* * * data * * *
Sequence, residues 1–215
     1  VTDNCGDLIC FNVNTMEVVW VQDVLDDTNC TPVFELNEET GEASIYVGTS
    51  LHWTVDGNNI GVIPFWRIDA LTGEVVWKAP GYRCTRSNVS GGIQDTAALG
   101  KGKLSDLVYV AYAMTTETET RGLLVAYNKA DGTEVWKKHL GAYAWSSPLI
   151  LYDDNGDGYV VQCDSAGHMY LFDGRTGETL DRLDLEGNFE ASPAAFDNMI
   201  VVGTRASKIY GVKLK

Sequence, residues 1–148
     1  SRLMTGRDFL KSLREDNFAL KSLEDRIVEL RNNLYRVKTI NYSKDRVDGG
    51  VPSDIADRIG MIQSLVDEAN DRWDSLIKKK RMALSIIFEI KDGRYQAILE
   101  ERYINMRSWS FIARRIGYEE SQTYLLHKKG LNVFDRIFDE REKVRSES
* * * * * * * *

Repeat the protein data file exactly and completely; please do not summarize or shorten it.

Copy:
Sequence, residues 1–215
     1  VTDNCGDLIC FNVNTMEVVW VQDVLDDTNC TPVFELNEET GEASIYVGTS
    51  LHWTVDGNNI GVIPFWRIDA LTGEVVWKAP GYRCTRSNVS GGIQDTAALG
   101  KGKLSDLVYV AYAMTTETET RGLLVAYNKA DGTEVWKKHL GAYAWSSPLI
   151  LYDDNGDGYV VQCDSAGHMY LFDGRTGETL DRLDLEGNFE ASPAAFDNMI
   201  VVGTRASKIY GVKLK

Sequence, residues 1–148
     1  SRLMTGRDFL KSLREDNFAL KSLEDRIVEL RNNLYRVKTI NYSKDRVDGG
    51  VPSDIADRIG MIQSLVDEAN DRWDSLIKKK RMALSIIFEI KDGRYQAILE
   101  ERYINMRSWS FIARRIGYEE SQTYLLHKKG LNVFDRIFDE REKVRSES